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Coca-Cola's Journey to Become A Learning Organization

Coca-Cola's Journey to Become A Learning Organization

To survive—and thrive—amidst disruptions and unpredictable change, organizations need to foster environments that are conducive to learning. In such environments, employees come together to share knowledge, problem solve, and innovate. Building this kind of learning culture takes intentional and deliberate effort. Recently, I had the opportunity to interview Tapaswee Chandele, Global Vice President of Talent and Development at The Coca-Cola Company, about the organization’s efforts to foster a learning culture.  

To learn more from Tapaswee Chandele, register for APQC's complimentary webinar: Coca-Cola’s Journey to Becoming a Learning Organization. 

What is a learning organization? 

There are probably many definitions and points of view around the topic of a learning organization. At The Coca-Cola Company, our belief is that as business context continues to change, our ability to unlock growth requires us to become a learning organization. 

From my perspective, I define a learning organization as one that has the capacity to continuously reinvent itself. This is not to be confused with training or learning programs. A learning organization is one where experimentation is encouraged, failures are a normal part of growing, routines and project artifacts allow for sharing and making things better (for example post-project learning reviews or retrospectives) and where you do not wait for a perfect product before going to market. Being comfortable with v1.0, 2.0, 3.0 is part of the journey.  

All of this requires a growth mindset—a shared belief in continuous learning to improve both the business and ourselves. 

Why did Coca-Cola embark on a journey to become a learning organization? 

When our Chairman and CEO, James Quincey, recrafted our company’s strategy several years back, we also recrafted the people, talent and culture strategy to enable our growth ambitions.  

During an external conference during that time, he said “We're very clear that we have to start with the consumer and drive our portfolio of brands to be ever more consumer centric,” calling out the international rollout of Coke Zero Sugar. “If the consumer moves, we must, too.”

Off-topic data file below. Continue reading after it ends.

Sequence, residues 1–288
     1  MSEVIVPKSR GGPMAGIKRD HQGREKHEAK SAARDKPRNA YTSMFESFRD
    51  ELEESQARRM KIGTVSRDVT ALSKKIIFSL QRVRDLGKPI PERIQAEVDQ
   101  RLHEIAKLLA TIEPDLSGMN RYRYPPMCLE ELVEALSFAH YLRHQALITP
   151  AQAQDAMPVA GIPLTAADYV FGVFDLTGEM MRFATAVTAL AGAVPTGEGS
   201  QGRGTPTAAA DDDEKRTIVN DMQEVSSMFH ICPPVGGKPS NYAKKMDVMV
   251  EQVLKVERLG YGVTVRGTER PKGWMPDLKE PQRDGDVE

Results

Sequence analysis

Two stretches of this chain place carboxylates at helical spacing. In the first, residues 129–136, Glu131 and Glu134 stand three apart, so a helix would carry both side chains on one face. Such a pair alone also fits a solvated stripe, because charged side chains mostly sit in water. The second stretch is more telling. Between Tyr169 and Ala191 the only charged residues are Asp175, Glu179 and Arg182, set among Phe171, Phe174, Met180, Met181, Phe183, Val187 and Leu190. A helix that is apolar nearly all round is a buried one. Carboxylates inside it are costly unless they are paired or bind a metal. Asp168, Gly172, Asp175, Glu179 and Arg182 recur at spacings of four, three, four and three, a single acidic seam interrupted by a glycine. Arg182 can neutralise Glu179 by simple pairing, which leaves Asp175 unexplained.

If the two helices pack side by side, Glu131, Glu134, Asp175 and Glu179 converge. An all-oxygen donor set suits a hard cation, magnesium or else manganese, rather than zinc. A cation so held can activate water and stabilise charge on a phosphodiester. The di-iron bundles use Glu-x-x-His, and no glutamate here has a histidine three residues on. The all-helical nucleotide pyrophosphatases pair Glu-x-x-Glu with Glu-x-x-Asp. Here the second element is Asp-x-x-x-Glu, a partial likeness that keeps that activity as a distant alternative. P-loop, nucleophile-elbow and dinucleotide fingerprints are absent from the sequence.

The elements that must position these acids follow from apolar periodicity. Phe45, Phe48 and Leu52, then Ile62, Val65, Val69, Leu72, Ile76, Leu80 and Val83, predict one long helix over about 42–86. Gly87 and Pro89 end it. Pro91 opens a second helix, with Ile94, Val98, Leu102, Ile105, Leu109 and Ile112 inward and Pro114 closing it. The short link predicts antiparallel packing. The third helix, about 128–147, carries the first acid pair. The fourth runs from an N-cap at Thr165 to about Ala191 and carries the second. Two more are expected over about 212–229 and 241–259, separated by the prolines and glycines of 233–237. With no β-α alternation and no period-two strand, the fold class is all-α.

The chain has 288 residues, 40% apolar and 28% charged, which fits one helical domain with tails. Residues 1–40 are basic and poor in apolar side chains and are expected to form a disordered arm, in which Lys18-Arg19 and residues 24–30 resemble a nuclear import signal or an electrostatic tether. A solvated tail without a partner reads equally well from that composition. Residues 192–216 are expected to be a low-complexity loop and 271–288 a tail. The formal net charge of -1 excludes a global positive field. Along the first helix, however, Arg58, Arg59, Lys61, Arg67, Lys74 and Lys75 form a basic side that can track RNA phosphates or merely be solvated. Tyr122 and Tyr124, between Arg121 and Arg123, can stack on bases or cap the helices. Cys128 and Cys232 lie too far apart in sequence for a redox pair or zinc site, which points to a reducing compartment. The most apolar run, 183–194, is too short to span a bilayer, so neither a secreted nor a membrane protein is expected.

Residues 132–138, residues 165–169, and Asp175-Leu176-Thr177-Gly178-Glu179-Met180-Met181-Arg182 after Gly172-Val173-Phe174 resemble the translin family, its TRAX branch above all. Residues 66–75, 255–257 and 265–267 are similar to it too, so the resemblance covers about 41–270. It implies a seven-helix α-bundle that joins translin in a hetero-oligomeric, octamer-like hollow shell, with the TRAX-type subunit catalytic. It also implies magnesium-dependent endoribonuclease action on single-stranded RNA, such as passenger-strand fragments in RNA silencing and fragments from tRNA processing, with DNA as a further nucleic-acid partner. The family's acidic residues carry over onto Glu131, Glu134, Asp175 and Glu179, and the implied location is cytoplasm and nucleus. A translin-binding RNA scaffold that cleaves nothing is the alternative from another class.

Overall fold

Part of moving with the consumer means experimentation, iteration, risk taking, moving with speed and celebrating the learnings—and failures—along the way. 

What are some of the steps that Coca-Cola has taken to become a learning organization? 

We started with defining our growth behaviors, which set clear expectations for everyone across our organization. We communicated it in a way for everyone to understand, embrace and role-model.   

We also reset our Performance Enablement practice, because we believe that what gets measured gets done. We put into place moments of celebration and recognition of the journey that we are on—artifacts matter.  

We launched a refreshed purpose and a talent strategy that enables growth. And finally, in early 2020, we launched the company’s leadership definition—which sets the north star on what we expect from our organization.  

What is one important lesson that you have learned through this journey? 

Just start. If you have one good idea, move on that, and keep iterating as you make progress. Building a learning organization is about being willing to take that first step and knowing that there is a 50 percent chance of failure. And, it’s important to be content with that. 

What has been a key success factor in this journey? 

Leadership is the key that will unlock the door. People are looking for continuous role modeling and humility from their leaders. Humility leads to listening, listening leads to learning. We are fortunate that we have had leaders who have led from the front throughout this journey. 

Learn more about Coca-Cola’s journey to become a learning organization by registering to hear Tapaswee Chandele present on APQC’s October 28, 2021 webinar. Register today for this complimentary webinar.